Microsoft's stock slumped under Ballmer

Published on NewsOK Modified: August 23, 2013 at 5:16 pm •  Published: August 23, 2013

NEW YORK (AP) — When Steve Ballmer took over as CEO in January 2000, Microsoft was the titan of tech and the world's most valuable company.

My, how things have changed.

In the 13 years since Bill Gates handed over the CEO spot, the technology landscape has seen seismic shifts. The Internet bubble popped, erasing paper fortunes built on dot.com companies. Apple's iPods, iPhones and iPads became ubiquitous. Google became a verb. And Facebook turned social networking into something you do by yourself, instead of surrounded by people at happy hour.

The years have been less kind to Microsoft.

"Complacency and a lack of innovation caught up to them," said Yun Kim, an analyst at Janney Capital Markets. "It's their inability to stay relevant beyond the PC."

When Ballmer became CEO, Microsoft had a market value of $604 billion. That heft meant it accounted for nearly 5 percent of the Standard & Poor's 500 index, according to Howard Silverblatt, an analyst at S&P Dow Jones Indices.

Now, Microsoft's market value is $269 billion, less than half of its value when Ballmer came to power. It makes up less than 2 percent of the S&P 500.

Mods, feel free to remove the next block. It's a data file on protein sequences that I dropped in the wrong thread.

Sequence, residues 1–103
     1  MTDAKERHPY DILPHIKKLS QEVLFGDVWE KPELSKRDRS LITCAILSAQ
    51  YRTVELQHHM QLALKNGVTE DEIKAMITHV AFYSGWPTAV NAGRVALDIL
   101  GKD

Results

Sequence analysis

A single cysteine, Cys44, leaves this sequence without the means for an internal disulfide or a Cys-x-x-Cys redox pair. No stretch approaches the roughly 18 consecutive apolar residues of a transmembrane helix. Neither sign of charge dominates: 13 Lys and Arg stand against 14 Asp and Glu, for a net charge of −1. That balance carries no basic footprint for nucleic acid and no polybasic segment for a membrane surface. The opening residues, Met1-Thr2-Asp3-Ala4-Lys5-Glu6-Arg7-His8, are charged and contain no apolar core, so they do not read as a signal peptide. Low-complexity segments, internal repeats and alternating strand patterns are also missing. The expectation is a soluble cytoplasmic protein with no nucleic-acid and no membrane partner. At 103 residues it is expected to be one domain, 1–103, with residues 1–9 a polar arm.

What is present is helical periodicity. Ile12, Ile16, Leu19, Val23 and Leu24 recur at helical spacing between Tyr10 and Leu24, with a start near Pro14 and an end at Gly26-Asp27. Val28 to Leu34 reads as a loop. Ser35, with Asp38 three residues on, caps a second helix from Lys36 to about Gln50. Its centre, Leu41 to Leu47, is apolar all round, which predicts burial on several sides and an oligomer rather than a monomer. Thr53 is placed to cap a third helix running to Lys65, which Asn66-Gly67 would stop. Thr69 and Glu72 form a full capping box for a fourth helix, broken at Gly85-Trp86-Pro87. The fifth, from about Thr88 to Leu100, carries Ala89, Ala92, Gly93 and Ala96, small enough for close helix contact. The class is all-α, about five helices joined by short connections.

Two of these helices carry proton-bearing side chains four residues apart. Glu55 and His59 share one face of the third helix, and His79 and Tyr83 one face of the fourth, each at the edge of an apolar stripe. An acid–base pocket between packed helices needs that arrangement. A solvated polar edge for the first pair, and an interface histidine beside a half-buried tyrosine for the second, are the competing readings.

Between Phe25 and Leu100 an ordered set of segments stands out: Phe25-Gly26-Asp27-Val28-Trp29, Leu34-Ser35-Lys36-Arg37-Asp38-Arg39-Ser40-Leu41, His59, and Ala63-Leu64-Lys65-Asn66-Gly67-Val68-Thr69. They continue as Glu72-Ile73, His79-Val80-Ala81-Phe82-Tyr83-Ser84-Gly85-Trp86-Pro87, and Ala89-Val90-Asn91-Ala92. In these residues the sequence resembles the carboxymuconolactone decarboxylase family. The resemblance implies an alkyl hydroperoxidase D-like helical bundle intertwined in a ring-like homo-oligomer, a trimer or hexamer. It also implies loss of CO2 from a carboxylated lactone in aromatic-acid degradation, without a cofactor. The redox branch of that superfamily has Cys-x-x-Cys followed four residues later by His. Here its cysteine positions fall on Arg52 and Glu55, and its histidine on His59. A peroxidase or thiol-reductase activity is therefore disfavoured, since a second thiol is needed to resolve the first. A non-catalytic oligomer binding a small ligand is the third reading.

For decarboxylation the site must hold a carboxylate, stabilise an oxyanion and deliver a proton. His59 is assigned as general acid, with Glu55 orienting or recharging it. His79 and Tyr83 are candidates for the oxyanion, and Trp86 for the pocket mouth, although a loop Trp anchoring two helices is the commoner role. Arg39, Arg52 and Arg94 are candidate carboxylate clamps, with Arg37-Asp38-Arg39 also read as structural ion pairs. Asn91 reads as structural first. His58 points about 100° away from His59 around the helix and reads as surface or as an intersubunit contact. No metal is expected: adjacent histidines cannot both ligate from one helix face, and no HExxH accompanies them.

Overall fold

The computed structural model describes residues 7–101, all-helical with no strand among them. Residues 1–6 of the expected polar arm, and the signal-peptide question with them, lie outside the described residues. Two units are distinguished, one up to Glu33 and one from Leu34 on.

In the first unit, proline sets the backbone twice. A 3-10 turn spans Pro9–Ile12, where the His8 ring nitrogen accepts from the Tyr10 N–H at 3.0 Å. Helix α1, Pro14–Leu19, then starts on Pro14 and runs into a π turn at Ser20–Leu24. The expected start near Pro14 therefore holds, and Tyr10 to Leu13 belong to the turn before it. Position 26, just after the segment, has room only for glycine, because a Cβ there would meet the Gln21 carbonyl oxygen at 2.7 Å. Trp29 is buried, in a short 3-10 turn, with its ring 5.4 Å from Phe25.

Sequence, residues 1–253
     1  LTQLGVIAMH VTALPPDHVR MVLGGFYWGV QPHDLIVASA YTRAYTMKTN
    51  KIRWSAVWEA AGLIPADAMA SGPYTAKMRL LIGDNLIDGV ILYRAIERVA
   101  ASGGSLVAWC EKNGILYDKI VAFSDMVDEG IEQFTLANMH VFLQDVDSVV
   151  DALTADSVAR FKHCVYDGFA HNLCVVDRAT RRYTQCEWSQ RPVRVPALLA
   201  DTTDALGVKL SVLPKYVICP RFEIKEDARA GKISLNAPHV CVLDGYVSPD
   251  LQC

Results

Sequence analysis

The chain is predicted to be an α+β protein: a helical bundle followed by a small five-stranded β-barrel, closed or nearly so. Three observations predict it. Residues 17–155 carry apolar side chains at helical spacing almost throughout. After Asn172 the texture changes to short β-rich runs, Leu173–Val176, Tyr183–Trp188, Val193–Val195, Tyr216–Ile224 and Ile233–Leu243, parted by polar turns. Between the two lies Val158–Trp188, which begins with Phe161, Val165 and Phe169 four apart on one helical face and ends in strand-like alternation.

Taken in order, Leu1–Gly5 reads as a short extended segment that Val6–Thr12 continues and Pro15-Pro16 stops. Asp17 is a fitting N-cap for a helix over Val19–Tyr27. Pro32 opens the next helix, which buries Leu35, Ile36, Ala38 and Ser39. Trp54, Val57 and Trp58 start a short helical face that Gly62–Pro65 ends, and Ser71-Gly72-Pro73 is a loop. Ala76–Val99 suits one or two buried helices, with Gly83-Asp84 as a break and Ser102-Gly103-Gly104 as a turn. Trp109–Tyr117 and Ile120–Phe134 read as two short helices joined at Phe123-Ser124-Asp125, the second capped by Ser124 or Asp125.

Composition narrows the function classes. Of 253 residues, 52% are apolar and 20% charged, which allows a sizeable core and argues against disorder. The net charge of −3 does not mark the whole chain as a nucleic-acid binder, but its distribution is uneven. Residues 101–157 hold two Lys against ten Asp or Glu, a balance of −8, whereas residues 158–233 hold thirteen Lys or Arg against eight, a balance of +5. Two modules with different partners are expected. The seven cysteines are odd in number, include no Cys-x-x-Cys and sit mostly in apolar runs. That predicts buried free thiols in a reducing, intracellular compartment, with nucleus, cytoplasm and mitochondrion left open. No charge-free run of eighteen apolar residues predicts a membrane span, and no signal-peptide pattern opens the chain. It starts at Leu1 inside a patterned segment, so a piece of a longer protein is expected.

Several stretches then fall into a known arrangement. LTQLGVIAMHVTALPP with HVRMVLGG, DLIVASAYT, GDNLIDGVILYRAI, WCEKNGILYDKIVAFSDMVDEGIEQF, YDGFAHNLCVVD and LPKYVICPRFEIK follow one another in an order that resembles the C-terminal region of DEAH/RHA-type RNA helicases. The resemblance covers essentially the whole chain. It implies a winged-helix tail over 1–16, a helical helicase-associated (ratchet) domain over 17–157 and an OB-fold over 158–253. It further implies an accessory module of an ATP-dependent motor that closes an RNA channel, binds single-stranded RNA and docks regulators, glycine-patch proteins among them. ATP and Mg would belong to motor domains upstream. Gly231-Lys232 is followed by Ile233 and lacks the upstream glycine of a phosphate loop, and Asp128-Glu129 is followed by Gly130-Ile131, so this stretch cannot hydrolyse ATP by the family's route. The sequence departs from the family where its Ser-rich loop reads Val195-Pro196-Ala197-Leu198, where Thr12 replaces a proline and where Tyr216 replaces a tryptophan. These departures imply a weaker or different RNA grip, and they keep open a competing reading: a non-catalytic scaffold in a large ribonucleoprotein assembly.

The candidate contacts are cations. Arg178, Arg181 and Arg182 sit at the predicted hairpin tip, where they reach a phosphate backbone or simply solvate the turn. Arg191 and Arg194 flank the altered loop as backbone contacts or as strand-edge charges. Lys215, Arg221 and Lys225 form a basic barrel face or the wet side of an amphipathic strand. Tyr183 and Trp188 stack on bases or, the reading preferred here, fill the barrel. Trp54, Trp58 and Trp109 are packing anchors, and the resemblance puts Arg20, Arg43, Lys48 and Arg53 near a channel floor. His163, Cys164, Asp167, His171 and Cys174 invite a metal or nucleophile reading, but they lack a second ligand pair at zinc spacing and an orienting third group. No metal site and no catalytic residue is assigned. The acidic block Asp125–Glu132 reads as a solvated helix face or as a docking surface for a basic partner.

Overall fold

When Microsoft announced on Friday that Ballmer would step down within the next year, the company's shares shot up as much as 9 percent shortly after the markets opened. They came within two dollars of their 52-week high. Microsoft rose $2.36, or 7 percent, to close at $34.75.

Under Gates, Microsoft dominated the software industry throughout the 1990s, and the company's soaring stock had far-reaching effects. Newly minted "Microsoft millionaires" left to launch tech companies, venture-capital firms and charities. Paul Allen, a boyhood buddy of Gates' who co-founded the company, bought the Seattle Seahawks and the Portland Trailblazers, and opened a pop-culture museum. Gates used his billions to launch the Bill & Melinda Gates Foundation, which has influenced national and international policy on health and education.

But under Ballmer, Microsoft's stock has been a dud, losing 44 percent during his tenure. Still, dividend payments have compensated for some of the slump. An investment of $1,000 in January 2000 would now be worth just $767 after reinvesting dividends, according to data from FactSet.